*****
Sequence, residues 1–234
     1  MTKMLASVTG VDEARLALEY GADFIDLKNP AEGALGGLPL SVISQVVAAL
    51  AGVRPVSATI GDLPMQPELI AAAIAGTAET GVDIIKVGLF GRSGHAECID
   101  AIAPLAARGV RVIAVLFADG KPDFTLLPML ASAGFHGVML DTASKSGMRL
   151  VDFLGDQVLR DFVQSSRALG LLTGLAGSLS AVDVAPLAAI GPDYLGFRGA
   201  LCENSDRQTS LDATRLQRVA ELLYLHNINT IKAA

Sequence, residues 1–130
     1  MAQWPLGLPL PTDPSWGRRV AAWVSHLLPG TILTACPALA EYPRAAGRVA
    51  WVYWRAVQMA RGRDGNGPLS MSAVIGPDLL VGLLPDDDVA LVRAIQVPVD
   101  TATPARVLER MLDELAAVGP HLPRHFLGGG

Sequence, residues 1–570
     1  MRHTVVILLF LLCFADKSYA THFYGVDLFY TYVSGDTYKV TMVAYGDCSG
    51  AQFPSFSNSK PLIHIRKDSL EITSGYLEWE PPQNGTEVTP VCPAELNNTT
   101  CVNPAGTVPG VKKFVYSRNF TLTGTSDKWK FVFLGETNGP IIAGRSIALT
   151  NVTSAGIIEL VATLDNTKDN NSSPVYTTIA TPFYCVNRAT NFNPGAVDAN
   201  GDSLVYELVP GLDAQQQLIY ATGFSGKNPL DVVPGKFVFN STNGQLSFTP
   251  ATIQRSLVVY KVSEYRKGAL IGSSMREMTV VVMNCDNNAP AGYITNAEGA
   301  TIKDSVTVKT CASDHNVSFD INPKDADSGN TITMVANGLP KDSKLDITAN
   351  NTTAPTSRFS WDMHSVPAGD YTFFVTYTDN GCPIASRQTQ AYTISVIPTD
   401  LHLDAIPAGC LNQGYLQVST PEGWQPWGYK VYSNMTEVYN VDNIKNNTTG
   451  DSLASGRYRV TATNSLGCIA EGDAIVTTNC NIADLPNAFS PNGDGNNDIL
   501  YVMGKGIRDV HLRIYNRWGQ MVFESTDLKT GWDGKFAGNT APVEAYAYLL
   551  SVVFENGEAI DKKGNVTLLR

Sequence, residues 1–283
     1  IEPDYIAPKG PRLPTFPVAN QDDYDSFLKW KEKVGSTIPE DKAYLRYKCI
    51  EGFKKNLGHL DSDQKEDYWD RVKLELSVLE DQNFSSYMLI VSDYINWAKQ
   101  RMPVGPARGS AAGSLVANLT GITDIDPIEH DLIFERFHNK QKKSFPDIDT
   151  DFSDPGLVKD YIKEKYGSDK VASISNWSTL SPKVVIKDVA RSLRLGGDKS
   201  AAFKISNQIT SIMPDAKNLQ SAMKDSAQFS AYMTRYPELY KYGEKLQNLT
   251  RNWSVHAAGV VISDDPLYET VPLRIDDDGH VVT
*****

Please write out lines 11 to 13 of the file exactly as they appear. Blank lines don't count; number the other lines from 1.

Sequence, residues 1–570
     1  MRHTVVILLF LLCFADKSYA THFYGVDLFY TYVSGDTYKV TMVAYGDCSG
    51  AQFPSFSNSK PLIHIRKDSL EITSGYLEWE PPQNGTEVTP VCPAELNNTT